AWS adds support for batch processing in its managed EKS Kubernetes solution

Primarily relating to programs that can be run with minimal human interaction, batch processing is generally considered an important feature of high performance computing.

To meet this need, Amazon Web Services Inc. recently announced that it has integrated AWS Batch and Amazon EKS services with each other to help businesses more easily run batch workloads in the cloud.

“We recently announced our batch support for EKS, our managed solution Kubernetes offering at AWS,” said Ian Colle (pictured), general manager of HPC at AWS. “And so batch processing is still a big part HPC workloads.

Colle spoke to industry analysts theCUBE David Nicholson and Paul Gillin at SC22, during an exclusive broadcast on theCUBE, SiliconANGLE Media’s live streaming studio. They discussed the use cases of batch processing and its connection to HPC. (*Disclosure below.)

IT areas ready to take advantage of the update

With batch processing, a computer processes a number of tasks simultaneously as a group, and adding the functionality to EKS is poised to benefit niches such as autonomous vehicle simulations, according to Colle.

“We see a lot of distributed machine learning, autonomous vehicle simulation and traditional HPC workloads leveraging AWS batch processing,” he said.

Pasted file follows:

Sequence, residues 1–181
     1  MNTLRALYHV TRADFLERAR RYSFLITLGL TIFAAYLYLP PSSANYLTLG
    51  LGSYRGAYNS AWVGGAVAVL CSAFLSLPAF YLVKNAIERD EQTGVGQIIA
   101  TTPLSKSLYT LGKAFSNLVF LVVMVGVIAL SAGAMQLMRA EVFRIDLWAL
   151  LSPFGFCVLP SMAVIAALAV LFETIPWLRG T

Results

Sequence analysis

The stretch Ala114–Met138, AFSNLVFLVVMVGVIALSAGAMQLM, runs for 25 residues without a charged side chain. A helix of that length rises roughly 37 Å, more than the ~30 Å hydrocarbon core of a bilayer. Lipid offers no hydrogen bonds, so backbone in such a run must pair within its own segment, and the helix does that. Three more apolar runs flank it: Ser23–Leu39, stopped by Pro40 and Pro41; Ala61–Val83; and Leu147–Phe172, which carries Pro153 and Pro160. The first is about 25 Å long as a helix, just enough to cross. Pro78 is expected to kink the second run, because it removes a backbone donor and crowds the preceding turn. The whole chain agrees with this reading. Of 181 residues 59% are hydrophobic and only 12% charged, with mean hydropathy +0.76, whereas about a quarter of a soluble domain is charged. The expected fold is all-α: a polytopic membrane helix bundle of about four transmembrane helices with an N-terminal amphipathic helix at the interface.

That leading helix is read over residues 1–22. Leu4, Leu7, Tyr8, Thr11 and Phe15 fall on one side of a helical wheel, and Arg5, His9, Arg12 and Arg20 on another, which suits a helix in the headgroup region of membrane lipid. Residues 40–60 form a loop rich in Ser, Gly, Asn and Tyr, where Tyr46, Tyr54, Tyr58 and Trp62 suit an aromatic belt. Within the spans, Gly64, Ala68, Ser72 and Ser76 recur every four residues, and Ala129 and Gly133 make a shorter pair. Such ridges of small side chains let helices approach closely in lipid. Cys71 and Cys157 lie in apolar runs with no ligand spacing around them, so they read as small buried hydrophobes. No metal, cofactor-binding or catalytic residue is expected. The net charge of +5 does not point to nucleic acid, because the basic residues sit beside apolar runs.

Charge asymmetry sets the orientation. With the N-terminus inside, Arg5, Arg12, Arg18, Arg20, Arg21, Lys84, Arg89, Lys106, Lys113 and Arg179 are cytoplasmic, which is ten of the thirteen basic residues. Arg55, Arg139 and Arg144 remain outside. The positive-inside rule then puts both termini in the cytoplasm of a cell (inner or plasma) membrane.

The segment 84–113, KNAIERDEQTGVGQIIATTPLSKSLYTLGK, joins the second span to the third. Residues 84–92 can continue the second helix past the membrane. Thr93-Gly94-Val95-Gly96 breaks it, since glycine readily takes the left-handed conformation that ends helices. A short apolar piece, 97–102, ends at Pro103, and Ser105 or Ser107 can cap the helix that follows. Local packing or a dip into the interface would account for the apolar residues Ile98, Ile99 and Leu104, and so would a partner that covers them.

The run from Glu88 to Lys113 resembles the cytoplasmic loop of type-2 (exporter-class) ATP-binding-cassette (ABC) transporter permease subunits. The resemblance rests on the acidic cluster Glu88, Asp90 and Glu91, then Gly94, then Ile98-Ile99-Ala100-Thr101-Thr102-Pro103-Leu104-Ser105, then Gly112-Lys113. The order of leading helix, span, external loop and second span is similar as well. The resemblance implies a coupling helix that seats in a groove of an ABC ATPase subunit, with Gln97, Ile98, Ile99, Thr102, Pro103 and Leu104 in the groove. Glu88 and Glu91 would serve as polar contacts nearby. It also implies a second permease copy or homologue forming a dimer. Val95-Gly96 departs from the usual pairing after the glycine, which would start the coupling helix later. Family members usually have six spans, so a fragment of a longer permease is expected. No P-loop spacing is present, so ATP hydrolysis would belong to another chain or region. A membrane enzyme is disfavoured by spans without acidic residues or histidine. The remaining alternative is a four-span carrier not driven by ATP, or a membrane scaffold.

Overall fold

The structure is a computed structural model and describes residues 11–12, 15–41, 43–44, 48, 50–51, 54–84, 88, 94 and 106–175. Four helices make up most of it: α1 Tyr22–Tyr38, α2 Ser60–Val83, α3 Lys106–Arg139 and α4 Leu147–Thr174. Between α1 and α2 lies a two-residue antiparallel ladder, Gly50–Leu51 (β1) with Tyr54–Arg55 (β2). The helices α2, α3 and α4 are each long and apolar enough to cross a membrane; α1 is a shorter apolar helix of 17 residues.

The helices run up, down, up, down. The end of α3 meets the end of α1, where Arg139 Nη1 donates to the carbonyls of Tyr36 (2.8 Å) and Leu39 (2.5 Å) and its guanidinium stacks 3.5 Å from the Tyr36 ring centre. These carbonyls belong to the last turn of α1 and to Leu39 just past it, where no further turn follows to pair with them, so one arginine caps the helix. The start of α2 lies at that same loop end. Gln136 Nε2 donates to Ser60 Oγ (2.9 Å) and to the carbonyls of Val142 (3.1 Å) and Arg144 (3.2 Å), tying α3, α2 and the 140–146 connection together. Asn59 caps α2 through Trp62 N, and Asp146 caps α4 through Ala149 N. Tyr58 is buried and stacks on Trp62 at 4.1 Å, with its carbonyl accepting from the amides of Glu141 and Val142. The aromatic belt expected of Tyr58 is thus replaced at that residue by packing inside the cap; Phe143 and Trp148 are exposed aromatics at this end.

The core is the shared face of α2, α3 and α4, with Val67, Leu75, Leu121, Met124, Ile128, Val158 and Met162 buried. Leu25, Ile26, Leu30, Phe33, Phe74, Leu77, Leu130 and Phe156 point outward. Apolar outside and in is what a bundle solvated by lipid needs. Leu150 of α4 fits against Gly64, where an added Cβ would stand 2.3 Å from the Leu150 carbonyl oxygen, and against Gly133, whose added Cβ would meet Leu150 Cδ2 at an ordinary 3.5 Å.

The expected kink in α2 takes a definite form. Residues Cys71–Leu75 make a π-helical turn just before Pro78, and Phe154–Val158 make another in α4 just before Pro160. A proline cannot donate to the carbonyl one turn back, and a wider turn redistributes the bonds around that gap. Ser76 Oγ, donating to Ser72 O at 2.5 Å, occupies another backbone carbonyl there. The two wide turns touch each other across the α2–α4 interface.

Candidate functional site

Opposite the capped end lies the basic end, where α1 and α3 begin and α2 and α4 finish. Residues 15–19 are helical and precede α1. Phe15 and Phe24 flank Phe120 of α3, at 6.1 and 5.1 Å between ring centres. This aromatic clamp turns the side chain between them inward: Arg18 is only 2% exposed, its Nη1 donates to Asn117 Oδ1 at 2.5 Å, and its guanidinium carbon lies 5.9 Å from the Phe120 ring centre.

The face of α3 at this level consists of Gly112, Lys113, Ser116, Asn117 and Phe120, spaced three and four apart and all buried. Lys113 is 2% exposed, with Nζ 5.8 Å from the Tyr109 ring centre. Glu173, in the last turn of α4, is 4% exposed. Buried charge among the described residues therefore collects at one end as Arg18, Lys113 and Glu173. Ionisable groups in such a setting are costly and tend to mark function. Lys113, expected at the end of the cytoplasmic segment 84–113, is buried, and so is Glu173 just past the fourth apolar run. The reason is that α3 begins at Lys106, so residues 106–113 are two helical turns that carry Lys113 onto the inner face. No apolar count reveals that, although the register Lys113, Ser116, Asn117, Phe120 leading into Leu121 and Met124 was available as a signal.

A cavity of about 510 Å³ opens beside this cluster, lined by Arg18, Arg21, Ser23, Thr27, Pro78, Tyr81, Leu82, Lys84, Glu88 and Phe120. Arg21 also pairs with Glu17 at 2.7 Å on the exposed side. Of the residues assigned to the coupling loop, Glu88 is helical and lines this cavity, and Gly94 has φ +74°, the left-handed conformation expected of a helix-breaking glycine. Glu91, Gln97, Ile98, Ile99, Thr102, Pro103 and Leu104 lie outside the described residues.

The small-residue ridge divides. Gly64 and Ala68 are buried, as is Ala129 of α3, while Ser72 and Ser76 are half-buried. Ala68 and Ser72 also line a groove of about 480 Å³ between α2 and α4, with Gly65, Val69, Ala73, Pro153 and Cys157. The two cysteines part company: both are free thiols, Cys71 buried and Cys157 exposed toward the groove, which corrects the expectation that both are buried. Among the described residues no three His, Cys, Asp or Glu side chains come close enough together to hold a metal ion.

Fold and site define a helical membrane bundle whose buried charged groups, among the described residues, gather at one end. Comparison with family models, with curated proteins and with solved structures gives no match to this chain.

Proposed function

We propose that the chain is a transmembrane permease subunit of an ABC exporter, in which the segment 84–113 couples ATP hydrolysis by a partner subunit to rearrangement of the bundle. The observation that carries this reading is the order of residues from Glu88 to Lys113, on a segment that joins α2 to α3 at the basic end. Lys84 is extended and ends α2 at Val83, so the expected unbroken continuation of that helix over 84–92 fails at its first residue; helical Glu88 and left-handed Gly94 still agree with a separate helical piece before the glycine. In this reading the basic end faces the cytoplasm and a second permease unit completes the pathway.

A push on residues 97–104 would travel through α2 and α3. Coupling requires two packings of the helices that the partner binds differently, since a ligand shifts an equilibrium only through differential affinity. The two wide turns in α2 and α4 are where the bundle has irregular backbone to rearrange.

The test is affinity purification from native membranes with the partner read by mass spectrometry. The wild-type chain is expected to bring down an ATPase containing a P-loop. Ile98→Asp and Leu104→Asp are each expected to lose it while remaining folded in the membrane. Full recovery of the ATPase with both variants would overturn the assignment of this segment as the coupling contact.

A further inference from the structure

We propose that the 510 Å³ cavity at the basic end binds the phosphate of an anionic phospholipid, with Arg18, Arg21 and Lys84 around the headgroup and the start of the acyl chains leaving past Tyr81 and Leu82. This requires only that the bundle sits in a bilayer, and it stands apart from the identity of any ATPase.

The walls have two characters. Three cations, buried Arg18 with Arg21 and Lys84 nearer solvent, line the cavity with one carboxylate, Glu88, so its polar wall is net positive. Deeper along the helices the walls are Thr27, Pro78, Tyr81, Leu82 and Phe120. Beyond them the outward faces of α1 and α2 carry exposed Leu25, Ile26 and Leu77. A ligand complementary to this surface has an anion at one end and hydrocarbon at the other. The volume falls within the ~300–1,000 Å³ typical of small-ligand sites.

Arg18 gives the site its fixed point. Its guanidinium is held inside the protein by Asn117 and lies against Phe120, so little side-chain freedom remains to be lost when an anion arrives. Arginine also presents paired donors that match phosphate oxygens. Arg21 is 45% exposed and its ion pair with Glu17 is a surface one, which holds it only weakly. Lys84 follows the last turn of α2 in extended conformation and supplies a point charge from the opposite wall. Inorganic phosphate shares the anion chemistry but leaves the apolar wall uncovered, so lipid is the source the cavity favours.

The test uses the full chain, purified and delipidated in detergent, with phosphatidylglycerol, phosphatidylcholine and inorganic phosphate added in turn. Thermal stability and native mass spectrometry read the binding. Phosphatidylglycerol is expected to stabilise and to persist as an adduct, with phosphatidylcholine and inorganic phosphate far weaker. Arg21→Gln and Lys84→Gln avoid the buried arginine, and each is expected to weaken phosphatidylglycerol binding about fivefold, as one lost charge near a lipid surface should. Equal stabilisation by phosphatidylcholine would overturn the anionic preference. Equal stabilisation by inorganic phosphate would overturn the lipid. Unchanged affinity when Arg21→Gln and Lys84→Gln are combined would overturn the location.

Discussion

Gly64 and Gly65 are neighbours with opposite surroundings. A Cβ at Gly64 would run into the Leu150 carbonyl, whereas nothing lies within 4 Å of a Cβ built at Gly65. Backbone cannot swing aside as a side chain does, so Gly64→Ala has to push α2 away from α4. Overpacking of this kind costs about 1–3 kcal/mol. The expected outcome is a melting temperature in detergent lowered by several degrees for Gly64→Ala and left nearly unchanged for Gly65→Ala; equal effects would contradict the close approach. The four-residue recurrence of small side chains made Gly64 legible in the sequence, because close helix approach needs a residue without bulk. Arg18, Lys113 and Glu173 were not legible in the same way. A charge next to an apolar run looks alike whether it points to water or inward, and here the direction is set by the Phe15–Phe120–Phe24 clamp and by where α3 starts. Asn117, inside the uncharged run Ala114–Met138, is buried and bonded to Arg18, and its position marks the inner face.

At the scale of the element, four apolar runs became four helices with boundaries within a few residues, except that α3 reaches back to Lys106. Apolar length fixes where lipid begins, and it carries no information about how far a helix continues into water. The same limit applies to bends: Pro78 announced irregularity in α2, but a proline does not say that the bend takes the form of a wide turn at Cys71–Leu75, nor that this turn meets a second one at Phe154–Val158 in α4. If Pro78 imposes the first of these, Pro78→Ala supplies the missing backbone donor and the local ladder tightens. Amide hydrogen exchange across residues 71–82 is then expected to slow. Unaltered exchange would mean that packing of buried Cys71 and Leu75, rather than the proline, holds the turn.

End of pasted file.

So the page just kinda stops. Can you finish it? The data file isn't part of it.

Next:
A trait that adds versatility and cost-effectiveness to an AWS implementation is the ability to dynamically scale computing resources based on a workload’s queue depth. Clients can go from “seemingly nothing” to thousands of nodes, Colle explained.

“While they perform their work, they only pay for the times while they are working,” he said. “And then when the queue depth starts to decrease and the number of pending jobs in the queue begins to fall; then we start to dynamically reduce those resources. So it is extremely powerful.

In terms of the physical location of the K8 workload and batch processing cluster, it’s entirely up to customer preference, according to Colle.

“We have fully-fledged workflows in a single region, so where they could have some of, say, the traditional HPC workflow, in that region as well as the batch, and they save the results to shared storage file system,” he said. “Or you can have customers that have some sort of multi-regional orchestration layer.”

Here’s the full video interview, some of SiliconANGLE and theCUBE’s coverage of the Event SC22:

(*Disclosure: This is an unsponsored editorial segment. However, theCUBE is a paid media partner for SC22. Neither Dell Technologies Inc., the presenting sponsor of theCUBE event coverage, nor other sponsors n have editorial control over the content of theCUBE or SiliconANGLE.)

Photo: SiliconANGLE

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